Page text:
Princeton Battle And College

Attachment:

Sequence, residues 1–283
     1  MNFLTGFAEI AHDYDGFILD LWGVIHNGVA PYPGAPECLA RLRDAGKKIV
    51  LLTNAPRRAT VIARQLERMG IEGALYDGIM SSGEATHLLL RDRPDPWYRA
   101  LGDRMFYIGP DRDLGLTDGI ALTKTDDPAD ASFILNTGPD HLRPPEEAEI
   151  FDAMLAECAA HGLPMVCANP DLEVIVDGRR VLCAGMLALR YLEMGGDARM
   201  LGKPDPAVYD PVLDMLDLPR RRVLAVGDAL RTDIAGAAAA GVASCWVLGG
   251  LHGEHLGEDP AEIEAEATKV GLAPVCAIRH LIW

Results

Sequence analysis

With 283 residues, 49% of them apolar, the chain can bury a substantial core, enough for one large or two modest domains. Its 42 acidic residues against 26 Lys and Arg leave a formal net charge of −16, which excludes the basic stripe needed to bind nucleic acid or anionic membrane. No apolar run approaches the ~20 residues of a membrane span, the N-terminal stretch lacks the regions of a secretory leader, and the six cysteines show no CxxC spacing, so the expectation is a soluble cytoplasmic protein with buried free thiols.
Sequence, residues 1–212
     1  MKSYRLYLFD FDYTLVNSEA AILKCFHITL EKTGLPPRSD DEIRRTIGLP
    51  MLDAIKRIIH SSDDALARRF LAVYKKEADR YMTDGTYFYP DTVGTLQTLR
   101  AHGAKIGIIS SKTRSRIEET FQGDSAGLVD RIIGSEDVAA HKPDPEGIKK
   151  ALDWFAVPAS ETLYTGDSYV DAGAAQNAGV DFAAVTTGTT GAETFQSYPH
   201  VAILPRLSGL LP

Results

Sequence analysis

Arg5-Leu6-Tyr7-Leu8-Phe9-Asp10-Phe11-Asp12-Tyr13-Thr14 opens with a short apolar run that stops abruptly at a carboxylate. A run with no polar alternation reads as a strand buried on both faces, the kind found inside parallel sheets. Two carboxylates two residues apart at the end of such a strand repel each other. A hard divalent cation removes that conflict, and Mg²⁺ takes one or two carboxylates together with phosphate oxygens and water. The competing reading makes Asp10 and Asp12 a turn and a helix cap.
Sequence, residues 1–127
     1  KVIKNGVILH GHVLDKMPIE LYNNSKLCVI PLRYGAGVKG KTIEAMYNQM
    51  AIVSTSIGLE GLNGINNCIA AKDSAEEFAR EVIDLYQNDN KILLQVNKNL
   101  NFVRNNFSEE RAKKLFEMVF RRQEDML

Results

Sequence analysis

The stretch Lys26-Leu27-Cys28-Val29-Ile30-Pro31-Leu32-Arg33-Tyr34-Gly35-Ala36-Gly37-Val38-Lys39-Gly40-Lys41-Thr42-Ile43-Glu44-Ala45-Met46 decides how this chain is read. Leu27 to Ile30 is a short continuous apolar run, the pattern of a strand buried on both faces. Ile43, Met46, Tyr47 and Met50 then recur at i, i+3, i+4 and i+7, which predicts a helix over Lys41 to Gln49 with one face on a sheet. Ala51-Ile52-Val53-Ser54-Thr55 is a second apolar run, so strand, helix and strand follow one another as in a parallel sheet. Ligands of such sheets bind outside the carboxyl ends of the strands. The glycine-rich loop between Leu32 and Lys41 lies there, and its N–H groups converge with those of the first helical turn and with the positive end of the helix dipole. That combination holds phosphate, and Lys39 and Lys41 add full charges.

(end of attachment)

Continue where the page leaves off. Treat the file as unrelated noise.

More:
A few days after Washington’s victory at Trenton, Cornwallis, in January, 1777, advanced across Jersey to crush the Americans, but he was repulsed at the ford of Assunpink Creek in Trenton. Then Washington resorted to a ruse. Leaving his camp-fires brightly burning near the creek at night to deceive the enemy, he quietly withdrew, and made a forced march ten miles northeast to Princeton, and fell upon three British regiments there, who were hastening to join Cornwallis, defeating them, and storming Nassau Hall, in which some of the fugitives had taken refuge. Trenton is in Mercer County, named in honor of General Hugh Mercer, who fell in this battle, at the head of the Philadelphia troops. Princeton is a town of about thirty-five hundred in-habitants, a quiet place of elegant residences, in a level and luxuriant country. It is the seat of the College of New Jersey, originally founded at Elizabeth, near New York, in 1746, and transferred here in 1757. It is best known as Nassau Hall, or Prince-ton University, being liberally endowed, and having notable buildings surrounding its spacious campus, and is a Presbyterian foundation, which has about eleven hundred students. The original Nassau Hall erected in 1757, but burnt many years ago, was so named by the Synod “to express the honor we retain in this remote part of the globe to the immortal memory of the glorious King William the Third, who was a branch of the illustrious House of Nassau.” Dr. John Witherspoon, the celebrated Scotch Presbyterian divine, who was one of the signers of the Declaration of Independence, was for thirty years its President, and among the early graduates were two other signers, Richard Stockton and Benjamin Rush. The final conflict of the battle of Princeton raged around this venerated building, and Washington presented fifty guineas to the College to repair the dam-age done by his bombardment. In the adjacent Presbyterian Theological Seminary have been educated many able clergymen. In Princeton Cemetery are the remains of the wonderful preacher and meta-physician, Jonathan Edwards, who became President of the College in 1758, dying shortly afterwards. A panegyrist, describing his merits as a great Church leader, compressed all in this remarkable sentence : “These three—Augustine, Calvin and Jonathan Ed wards.” His son-in-law and predecessor as President was Rev. Aaron Burr ; and near his humble monument is another, marking the grave of his grand-son, who was an infant when the great preacher died, and whose career was in such startling contrast—the notorious Aaron Burr, Vice-President of the United States.